Write the thing that calls to you

I’ve promised to write a short story.

The reason why I promised to write a short story is, funnily enough, a long story.

(I’m good at terrible puns.)

I’ve changed the subject of my short story about three times. I’ve worked on something else when I was supposed to be writing that short story. I’ve decided to write a poem instead. I’ve gone back to the first idea I had, and then put off writing it again.

Writing a short story is hard!

I’ve written two novel drafts. (Well, three if you count that terrible first one which was consigned to languish in a metaphorical desk drawer forever due to lack of plot.) I love writing novels. I’ll happily write novels, and I don’t find them nearly as difficult to write as short stories.

The reason why I struggle to write short stories is, I think, because I find it difficult to make myself care about characters and a plot that I know I’m only going to be working on for a relatively short amount of time and a relatively small number of pages. When I invent characters that I come to love, and when I think of a plotline that genuinely excites me, I get so enthused that I want to work with those for years, for hundreds of pages. When an idea grips me, I want to fill an entire novel with it.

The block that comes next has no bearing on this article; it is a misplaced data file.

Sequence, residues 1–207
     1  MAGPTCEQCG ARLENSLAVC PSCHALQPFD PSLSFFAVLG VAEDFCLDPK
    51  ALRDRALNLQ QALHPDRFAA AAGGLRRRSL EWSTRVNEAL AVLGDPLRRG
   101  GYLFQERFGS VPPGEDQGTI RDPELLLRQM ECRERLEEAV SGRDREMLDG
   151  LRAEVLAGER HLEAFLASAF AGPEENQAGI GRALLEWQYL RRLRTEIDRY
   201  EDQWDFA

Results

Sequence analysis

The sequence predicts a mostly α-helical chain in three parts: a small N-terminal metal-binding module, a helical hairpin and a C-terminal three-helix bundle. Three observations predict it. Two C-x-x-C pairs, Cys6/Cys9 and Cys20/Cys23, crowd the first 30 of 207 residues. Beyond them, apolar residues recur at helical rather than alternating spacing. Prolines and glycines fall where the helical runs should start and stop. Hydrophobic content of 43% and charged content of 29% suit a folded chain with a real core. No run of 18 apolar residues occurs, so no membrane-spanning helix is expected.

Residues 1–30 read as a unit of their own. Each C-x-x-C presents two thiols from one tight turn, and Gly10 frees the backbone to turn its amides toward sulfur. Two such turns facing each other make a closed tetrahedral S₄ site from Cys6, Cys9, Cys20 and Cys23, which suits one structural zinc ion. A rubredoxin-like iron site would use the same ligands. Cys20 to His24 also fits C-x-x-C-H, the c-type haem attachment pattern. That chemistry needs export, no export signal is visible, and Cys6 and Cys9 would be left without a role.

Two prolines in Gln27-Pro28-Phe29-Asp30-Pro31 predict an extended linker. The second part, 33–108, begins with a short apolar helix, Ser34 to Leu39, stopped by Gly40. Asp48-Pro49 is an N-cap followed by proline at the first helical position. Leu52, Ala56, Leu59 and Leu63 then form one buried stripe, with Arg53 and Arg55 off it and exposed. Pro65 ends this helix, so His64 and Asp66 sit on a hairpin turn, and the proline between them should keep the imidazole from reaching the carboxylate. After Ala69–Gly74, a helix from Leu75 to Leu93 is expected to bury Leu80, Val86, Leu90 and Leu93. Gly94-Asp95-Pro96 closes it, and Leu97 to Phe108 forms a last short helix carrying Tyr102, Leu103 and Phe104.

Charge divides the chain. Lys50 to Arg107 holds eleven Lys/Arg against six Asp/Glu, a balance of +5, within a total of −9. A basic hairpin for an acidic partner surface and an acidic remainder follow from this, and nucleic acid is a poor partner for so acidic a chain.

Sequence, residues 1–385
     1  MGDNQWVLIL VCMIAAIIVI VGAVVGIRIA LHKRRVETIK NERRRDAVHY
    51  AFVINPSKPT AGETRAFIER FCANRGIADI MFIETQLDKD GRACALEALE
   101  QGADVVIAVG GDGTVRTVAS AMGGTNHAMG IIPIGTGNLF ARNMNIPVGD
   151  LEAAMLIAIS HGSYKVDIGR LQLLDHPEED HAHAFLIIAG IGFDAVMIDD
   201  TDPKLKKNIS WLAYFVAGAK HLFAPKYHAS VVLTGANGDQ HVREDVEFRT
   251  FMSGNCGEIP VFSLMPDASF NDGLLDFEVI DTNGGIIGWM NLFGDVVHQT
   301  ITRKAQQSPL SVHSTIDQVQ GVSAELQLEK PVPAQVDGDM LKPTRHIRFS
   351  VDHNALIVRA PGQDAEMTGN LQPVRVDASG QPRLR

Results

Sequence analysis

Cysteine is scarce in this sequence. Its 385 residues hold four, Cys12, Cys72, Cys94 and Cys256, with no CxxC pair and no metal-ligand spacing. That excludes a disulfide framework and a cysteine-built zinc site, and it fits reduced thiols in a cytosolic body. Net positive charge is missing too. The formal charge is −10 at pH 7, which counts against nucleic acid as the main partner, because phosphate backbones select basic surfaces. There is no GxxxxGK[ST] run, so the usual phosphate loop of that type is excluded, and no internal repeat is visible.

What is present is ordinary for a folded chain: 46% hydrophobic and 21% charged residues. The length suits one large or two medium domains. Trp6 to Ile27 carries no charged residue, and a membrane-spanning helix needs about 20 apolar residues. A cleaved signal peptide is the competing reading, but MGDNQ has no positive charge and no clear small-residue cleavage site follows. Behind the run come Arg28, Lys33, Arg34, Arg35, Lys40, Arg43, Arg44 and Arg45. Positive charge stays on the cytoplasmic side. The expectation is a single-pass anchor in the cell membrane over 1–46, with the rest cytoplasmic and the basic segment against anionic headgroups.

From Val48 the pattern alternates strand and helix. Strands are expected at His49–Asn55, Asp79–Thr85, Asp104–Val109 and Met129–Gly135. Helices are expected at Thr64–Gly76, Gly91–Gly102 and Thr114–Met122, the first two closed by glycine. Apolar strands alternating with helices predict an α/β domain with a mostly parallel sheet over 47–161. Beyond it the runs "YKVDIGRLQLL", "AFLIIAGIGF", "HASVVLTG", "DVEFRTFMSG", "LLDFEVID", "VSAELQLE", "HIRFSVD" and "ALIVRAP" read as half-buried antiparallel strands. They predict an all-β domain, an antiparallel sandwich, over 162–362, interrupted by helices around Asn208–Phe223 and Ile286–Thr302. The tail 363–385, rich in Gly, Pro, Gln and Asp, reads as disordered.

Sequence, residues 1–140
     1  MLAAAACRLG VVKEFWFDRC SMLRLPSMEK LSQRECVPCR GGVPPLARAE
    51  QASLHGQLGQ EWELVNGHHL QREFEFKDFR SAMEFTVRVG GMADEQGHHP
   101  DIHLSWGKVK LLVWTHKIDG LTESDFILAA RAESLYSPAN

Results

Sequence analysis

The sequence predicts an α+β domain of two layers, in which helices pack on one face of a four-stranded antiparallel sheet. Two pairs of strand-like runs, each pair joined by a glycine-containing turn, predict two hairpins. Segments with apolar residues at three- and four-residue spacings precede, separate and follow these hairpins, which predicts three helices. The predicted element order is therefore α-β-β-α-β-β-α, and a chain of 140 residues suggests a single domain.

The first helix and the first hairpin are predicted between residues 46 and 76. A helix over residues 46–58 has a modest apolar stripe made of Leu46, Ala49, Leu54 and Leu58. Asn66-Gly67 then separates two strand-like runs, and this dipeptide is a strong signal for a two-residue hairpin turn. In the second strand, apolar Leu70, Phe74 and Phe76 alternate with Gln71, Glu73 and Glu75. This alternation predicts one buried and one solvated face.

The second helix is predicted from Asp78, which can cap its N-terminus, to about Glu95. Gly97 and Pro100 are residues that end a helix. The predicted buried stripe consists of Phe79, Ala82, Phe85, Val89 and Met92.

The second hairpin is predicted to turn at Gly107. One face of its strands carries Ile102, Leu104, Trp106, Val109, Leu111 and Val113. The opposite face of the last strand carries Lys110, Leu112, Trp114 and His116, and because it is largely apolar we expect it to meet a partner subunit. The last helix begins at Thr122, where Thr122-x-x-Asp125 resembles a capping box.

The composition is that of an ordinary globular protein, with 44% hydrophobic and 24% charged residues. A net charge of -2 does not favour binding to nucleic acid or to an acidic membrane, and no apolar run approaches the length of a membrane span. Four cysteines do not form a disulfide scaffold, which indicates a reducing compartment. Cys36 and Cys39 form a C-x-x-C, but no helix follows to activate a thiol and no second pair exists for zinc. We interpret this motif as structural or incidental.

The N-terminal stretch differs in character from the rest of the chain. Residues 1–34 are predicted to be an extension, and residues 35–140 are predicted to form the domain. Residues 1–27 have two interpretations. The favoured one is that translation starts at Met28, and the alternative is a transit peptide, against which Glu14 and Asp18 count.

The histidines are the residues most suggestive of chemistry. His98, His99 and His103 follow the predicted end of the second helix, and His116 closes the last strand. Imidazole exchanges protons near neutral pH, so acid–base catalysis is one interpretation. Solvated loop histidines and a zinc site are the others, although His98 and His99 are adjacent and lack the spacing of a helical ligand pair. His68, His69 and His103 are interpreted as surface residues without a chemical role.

That’s not to say I dislike short stories. On the contrary: I love reading them, and I admire people who can write them – just as I admire people who can write poetry and screenplays (I have no idea how to write those, either).

Writing is a calling. It may require skill and talent and craft, and many other things, but above all it requires passion and enthusiasm. And, as a writer, you need to write the thing that calls to you – whether it’s a short story, a novel, or maybe, sometimes, just a blog post.


EllieCourse Co-ordinator